Thursday, August 29, 2019

headrest and seatbelt safety law history, and a look at step by step photos on how to upgrade your muscle car era Mopar to a bit more comfortable seat belts

It wasn’t until 1968 that the Federal Government passed the first federal seatbelt legislation. The Federal Motor Vehicle Safety Standard (FMVSS) 208 required a front outboard lap belt in conjunction with a sash belt anchored above the B-pillar that latched separately to a buckle next to the lap belt buckle. The FMVSS mandate required the rear seats to have outboard lap belts.

In 1969, the National Highway Traffic Safety Administration (NHTSA) in combination with FMVSS 202 required head restraints (headrests) in all new cars sold in the U.S. after January 1, 1969.
Headrests protect the head and neck from the whiplash affect from rear impact (as well as front impact recoil).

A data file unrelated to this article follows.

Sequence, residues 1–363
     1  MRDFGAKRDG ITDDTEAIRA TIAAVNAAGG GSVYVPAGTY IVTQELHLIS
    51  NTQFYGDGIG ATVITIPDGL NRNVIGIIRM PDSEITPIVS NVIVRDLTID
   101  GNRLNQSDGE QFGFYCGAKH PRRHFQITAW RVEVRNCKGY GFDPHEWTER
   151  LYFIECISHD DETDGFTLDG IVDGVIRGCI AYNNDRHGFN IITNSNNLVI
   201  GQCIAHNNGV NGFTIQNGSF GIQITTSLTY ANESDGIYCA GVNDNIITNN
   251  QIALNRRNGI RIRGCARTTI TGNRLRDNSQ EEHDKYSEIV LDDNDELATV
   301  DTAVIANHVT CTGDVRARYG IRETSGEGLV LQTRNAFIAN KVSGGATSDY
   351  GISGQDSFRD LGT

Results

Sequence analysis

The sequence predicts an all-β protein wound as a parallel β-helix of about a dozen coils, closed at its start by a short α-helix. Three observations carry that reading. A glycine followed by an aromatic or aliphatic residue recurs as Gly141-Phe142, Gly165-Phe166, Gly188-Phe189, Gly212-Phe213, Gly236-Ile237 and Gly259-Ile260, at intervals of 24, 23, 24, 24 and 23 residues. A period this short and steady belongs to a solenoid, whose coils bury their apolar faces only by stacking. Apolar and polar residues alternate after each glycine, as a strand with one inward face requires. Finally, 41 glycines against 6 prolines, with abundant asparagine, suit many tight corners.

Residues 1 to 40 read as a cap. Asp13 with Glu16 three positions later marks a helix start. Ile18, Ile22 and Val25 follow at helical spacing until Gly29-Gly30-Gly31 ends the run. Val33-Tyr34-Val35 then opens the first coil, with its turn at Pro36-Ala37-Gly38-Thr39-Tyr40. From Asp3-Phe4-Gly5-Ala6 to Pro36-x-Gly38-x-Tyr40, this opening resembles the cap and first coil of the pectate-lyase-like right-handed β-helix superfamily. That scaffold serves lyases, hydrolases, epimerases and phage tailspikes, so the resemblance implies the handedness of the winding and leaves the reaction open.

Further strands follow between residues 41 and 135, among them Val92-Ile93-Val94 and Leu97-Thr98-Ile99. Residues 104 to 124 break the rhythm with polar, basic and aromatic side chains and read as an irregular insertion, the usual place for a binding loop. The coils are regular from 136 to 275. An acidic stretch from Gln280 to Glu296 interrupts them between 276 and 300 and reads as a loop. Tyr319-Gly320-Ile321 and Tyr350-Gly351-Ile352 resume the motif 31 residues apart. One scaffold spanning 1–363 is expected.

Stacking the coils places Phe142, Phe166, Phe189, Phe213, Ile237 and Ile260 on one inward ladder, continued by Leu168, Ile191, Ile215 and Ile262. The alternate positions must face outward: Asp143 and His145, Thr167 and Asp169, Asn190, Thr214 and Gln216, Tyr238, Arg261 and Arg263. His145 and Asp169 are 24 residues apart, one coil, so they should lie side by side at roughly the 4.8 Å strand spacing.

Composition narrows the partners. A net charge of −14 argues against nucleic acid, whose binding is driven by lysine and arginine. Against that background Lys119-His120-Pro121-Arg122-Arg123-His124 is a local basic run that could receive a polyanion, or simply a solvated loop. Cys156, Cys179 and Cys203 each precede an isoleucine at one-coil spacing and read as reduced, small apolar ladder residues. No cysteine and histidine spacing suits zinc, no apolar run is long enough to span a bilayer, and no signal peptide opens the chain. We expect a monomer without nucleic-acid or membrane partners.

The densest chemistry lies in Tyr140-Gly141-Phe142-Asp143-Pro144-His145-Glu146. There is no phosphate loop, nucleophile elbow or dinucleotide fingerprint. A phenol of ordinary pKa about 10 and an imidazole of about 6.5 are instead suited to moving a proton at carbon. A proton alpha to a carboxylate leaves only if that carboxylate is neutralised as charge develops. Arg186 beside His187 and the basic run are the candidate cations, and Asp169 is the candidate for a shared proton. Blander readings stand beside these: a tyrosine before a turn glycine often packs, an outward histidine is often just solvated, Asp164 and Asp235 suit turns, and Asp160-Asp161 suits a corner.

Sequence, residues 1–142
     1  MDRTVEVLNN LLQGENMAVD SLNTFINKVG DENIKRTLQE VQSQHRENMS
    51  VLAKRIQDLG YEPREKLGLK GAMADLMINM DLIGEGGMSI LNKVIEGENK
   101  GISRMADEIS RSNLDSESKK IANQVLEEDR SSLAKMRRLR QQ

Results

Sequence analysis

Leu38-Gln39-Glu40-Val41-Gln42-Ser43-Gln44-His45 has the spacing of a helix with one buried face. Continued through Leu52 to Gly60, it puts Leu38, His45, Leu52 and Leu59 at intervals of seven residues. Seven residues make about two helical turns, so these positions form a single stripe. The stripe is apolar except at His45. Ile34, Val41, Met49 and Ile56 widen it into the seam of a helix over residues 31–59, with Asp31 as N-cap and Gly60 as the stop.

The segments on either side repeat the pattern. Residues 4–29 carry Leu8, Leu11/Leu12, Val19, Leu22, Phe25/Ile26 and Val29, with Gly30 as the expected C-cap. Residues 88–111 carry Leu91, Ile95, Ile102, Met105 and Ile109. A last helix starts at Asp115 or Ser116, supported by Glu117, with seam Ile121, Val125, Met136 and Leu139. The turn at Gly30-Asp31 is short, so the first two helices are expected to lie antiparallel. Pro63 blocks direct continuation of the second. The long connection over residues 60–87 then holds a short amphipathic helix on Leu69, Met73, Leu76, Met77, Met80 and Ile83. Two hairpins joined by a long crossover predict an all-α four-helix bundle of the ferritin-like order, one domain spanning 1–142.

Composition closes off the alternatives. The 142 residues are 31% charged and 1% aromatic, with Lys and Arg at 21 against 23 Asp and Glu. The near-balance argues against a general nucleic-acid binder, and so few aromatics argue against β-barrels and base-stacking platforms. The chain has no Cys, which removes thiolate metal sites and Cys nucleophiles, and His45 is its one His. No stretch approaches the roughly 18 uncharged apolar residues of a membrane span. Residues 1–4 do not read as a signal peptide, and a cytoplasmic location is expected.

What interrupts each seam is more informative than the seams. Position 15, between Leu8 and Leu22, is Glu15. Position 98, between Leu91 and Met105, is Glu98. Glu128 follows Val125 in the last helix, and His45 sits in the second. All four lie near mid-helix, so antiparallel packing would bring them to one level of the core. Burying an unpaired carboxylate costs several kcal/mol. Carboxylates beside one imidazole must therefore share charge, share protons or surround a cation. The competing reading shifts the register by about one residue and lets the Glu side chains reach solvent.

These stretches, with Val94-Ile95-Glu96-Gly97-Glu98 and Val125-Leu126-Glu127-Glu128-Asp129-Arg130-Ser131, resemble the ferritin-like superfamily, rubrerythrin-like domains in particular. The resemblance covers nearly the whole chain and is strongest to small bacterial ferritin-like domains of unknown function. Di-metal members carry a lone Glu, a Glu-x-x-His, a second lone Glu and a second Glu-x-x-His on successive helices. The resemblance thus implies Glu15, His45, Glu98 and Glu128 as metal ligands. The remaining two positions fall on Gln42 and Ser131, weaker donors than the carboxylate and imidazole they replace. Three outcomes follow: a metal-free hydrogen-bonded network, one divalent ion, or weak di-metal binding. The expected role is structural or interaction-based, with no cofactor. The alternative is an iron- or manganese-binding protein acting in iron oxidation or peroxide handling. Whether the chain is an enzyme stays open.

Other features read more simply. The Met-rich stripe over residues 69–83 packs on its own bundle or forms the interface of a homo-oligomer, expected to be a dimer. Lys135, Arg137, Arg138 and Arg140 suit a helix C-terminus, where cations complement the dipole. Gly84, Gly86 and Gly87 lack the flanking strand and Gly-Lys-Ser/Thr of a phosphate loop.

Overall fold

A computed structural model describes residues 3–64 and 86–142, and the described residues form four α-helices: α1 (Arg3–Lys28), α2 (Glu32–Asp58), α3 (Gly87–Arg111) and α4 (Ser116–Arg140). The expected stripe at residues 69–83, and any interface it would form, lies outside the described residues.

On January 1, 1972, the NHTSA required all vehicles to be equipped with a buzzer that’d sound when the seatbelt wasn’t installed.

For the 1974 MY, regulations required the manufacturers to make a single belt that had three anchor points (three-point seatbelt) for all front outboard seats.

The last regulation of the first wave of occupant safety and seatbelt improvements was the seatbelt interlock system (vehicle wouldn’t start with the driver or passenger seated unless the front seatbelts were worn) that was effective August 15, 1973 and required by NHTSA for all the 1974 MY passenger vehicles.

 While this law was extremely successful in getting front seat occupants to wear a seatbelt (28 pecent belt wearers in 1973 MY versus 59 percent in 1974 MY), the system’s complexity and resulting difficulty in starting the vehicle led to it being vehemently hated by most, and congress actually rescinded the legislation on October 16, 1974.

The damn ignition interlock seatbelts, and that infernal buzzer - one of the few federal laws I've ever heard of getting repealed because it annoyed a LOT of people

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